Thursday, 29 March 2018

Presumed Consent

Recent movements on presumed consent have spurred me to action on this long-planned post. There’s a lot of waffle about the private members bill that recently passed its second reading being a historic event, it’s not, it’s symbolic rather than a practical step change.  
Few private members bills become law, this one is stronger than most in that it has cross-party support and is welcomed by the Prime Minister and the much-maligned Health Secretary, but there are still powerful religious lobbies who oppose its passage.
All this will actually do is bring England into line with Wales, by adopting a soft-opt out system that has yet to demonstrate a major uplift in donations from the deceased. One problem is that a key blocker for recovering organs remains in place; the donor’s next of kin can still overrule the presumption of consent, in fact this can happen now even where a donor has explicitly given their consent.
I’ve seen arguments that increasing life spans are part of the problem, that as people die at an older age there are less healthy organs available. I’m not entirely convinced. Because a donor was old donor doesn’t mean the organ isn’t viable, in some cases it will be true, but it depends on the donor and the organ. Kidneys tend to lose function naturally over time, but some organs like the liver are remarkably resilient. Besides a kidney that gives ten years free of dialysis is better than nothing, especially as medical science moves forward to longer term solutions.
A more fundamental problem this bill will not address is the required investment in the transplant system needed to drive up utilisation of donated organs. The Spanish system is considered a golden standard in this respect; time, money and energy have been spent on the systems and processes needed to drive up donation rates.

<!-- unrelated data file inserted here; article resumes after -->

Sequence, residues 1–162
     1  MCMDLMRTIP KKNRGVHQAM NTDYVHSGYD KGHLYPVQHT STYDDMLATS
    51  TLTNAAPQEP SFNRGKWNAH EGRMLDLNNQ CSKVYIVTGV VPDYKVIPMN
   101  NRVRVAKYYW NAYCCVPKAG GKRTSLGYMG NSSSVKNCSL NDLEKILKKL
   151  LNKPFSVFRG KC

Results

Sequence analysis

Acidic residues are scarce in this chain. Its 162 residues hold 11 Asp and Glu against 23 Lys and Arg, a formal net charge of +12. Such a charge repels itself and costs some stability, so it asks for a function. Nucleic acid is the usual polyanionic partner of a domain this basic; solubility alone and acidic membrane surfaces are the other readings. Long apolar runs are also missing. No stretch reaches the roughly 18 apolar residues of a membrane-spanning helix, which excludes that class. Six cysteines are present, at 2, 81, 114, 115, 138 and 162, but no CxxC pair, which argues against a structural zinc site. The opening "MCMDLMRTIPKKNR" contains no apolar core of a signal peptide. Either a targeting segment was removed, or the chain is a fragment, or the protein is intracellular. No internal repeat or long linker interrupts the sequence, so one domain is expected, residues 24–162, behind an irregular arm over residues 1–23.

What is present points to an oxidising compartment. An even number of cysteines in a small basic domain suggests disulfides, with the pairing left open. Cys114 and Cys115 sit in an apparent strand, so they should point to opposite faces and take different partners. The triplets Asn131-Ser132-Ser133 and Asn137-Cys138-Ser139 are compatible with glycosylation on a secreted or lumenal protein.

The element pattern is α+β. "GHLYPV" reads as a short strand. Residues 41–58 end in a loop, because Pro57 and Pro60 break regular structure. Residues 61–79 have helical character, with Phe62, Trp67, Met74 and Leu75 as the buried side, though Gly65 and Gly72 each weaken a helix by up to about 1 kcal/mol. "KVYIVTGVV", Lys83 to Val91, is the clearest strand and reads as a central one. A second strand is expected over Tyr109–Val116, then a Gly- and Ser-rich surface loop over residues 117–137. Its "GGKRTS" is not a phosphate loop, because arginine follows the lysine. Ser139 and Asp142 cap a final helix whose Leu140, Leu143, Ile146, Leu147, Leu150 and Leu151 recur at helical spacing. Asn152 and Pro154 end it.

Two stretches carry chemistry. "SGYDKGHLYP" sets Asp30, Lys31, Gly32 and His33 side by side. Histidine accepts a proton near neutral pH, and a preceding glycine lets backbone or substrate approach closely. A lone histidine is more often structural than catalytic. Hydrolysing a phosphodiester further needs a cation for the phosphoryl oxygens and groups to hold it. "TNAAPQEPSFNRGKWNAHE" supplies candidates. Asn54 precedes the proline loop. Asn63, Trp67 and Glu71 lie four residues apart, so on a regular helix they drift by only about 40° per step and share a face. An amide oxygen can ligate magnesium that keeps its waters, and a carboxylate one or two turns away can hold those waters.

One intriguing argument is to allow people to sell their organs, though there’s an undoubted taboo about this which causes an instinctive recoil in some people. No doubt it goes on around the world, where it is associated with economic coercion and the exploitation of the poorest and most vulnerable. But there remains a utilitarian case around its efficacy in saving lives, the economic rationale is sound, and the ethics of free will are a counterbalance to allegations of exploitation. Still, breaking through such strong moral objections is a challenge.
My own personal views on presumed consent are conflicted. Once upon a time I believed it to be an oxymoron, accept this and you could presume consent for anything you like regardless of whether you were likely to get it or not. There’s a whole slippery slope of consequentialism for brighter thinkers than me to mull over. These days I’m not so sure.
I don’t like special pleading and given I’m likely to need a transplant in the next ten years or so, I could very quickly descend to that. So, I need a good argument.
There are obvious benefits of taking organs from dead people who don’t need them anymore and giving them to sick people who do need them, but expropriating stuff from people because they don’t need it isn’t usually associated with responsible authority. There is a crucial distinction, the organs have no intrinsic value to anyone other than the suitable candidate for transplant.
Whilst watching the first series of The Frankenstein Chronicles I was struck by an argument used by a Resurrection Man, you cannot steal a dead person’s body from them. This makes sense, they don’t own it any longer and it’s not part of an estate to be passed to an heir in the manner of a house or jewellery. You don’t keep Granddad’s vital organs on the mantelpiece. I’m sure some people will disagree with this, but outside of a few Indonesian communities I’m pretty sure they won’t keep the decomposing body around for very long.

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